Former Enron CEO Jeffrey Skilling—who last year received a reduction in his 24-year prison sentence for conspiracy, fraud and insider trading—has been moved to a minimum-security federal prison camp in Montgomery, Ala.—an upgrade in accommodations from a Colorado facility, where he has served most of his time.
A federal judge last year shaved 10 years off Skilling's sentence after the former executive agreed to drop his remaining appeals and turn over some $40 million in restitution. A federal appeals court had previously ruled Skilling's original sentence was too harsh.
That sentence reduction qualified Skilling to move to the minimum-security facility, which holds 874 male inmates and is located on the grounds of Maxwell Air Force Base. Inmates work in support jobs for the base, ranging from kitchen help to serving as tutors. At his previous facility, the Englewood Federal Correctional Institution in Littleton, Colo., Skilling taught Spanish classes after teaching himself the language, according to his attorney.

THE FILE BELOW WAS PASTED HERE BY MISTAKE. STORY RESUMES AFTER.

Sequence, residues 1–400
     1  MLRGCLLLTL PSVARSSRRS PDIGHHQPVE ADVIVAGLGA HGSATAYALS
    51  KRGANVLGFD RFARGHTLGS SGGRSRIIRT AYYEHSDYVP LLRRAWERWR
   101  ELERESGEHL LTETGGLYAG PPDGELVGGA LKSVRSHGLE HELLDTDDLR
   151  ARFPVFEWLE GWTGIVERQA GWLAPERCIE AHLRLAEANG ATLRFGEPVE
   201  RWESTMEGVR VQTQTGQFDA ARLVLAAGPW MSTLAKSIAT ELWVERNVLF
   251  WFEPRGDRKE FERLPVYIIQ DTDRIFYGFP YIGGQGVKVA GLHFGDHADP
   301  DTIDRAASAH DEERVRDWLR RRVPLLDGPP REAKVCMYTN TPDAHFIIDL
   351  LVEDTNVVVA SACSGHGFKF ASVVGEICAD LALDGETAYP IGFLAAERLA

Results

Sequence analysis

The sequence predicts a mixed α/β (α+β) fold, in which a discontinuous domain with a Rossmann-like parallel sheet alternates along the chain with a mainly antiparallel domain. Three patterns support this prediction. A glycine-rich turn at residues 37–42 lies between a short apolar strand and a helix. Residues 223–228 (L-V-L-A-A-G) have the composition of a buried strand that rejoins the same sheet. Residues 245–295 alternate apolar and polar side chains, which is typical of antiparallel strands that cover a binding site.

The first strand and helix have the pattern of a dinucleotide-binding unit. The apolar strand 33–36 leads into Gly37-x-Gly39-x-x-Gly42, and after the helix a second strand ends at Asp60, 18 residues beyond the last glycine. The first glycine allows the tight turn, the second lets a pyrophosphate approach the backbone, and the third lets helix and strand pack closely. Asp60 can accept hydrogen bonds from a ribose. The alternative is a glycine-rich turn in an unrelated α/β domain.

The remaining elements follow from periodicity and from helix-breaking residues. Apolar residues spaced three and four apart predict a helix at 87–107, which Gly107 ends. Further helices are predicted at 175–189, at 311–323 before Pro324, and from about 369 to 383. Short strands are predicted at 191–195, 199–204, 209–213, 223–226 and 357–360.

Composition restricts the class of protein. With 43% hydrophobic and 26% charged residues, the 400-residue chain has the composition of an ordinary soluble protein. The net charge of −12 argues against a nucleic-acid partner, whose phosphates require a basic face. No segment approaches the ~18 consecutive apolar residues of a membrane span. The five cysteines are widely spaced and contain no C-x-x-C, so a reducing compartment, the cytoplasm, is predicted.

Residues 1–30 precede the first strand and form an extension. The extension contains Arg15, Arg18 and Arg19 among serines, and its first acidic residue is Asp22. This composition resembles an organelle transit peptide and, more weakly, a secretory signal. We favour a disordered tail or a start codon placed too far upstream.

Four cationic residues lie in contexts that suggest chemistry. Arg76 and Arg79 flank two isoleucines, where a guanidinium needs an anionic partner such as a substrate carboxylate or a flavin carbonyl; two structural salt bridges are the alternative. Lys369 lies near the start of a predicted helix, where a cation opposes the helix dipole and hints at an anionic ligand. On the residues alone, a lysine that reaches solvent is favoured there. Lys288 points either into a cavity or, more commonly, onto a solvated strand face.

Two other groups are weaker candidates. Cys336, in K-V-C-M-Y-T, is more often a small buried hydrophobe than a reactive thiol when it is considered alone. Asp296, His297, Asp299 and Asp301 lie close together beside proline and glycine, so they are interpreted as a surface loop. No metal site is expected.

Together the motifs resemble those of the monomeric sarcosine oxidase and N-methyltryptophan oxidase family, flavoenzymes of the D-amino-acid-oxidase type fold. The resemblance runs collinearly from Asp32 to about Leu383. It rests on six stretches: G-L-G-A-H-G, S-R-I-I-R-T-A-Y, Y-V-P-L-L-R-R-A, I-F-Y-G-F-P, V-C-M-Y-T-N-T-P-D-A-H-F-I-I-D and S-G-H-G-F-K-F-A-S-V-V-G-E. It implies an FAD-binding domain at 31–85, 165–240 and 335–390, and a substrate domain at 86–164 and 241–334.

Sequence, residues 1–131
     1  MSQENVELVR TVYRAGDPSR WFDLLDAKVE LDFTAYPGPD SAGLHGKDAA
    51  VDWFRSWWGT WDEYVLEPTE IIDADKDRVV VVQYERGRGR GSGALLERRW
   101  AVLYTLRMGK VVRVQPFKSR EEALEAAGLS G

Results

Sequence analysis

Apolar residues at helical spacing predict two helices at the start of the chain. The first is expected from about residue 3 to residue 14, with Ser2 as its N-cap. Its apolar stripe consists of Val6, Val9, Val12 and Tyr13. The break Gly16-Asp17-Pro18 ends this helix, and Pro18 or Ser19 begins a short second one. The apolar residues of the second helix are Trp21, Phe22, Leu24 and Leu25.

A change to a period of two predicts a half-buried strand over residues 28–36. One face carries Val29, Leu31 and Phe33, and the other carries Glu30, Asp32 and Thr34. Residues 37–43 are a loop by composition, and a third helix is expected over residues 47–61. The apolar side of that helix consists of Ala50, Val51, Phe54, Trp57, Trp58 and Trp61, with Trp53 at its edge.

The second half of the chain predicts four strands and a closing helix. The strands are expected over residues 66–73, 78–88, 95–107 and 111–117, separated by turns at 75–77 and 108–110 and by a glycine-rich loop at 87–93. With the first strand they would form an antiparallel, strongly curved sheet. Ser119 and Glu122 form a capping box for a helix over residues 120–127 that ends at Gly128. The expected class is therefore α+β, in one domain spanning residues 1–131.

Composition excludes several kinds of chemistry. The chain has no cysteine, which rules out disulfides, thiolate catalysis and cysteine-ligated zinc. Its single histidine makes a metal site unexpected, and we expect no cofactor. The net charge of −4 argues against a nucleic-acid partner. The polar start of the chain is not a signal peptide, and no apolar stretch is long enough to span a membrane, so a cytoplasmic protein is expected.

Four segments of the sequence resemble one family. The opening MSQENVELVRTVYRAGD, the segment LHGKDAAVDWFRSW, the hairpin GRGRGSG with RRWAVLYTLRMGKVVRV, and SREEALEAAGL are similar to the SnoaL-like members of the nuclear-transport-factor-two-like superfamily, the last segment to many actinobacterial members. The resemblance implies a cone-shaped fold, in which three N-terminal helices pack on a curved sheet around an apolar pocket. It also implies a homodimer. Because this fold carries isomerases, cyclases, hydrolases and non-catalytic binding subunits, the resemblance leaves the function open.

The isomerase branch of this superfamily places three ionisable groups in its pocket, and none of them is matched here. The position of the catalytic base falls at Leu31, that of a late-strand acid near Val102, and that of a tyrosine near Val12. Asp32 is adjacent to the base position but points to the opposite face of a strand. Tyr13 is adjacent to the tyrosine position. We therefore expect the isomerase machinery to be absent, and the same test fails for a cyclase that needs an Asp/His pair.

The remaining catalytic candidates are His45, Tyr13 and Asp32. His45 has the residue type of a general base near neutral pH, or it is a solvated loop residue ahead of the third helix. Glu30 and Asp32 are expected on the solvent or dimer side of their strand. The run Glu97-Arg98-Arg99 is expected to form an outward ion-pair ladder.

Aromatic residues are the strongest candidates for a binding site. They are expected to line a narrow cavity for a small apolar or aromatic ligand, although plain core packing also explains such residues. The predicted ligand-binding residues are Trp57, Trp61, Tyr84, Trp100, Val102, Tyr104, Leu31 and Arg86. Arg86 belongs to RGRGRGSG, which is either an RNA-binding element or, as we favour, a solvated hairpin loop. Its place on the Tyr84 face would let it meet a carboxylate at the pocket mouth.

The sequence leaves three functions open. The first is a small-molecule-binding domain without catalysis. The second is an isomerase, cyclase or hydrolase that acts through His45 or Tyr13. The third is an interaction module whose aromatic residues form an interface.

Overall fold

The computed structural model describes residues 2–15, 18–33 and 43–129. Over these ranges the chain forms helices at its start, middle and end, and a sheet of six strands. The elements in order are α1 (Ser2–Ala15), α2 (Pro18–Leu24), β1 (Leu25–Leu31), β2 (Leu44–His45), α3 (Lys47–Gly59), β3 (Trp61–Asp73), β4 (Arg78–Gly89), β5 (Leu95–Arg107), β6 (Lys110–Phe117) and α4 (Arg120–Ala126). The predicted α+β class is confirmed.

With time off for good behavior, Skilling could be out of prison in 2017, having served a little more than 10 years.
Skilling, 60, was convicted in 2006 on 19 criminal counts for his role in the collapse of the energy giant. He had developed Enron's "asset-light" business model, rising to chief executive in February 2001, only to abruptly resign six months later. By December 2001, the nation's seventh largest company filed for bankruptcy protection.
(Read more: Ponzi schemes in a post-Madoff world)
—By CNBC's Scott Cohn. Follow him on Twitter @ScottCohnCNBC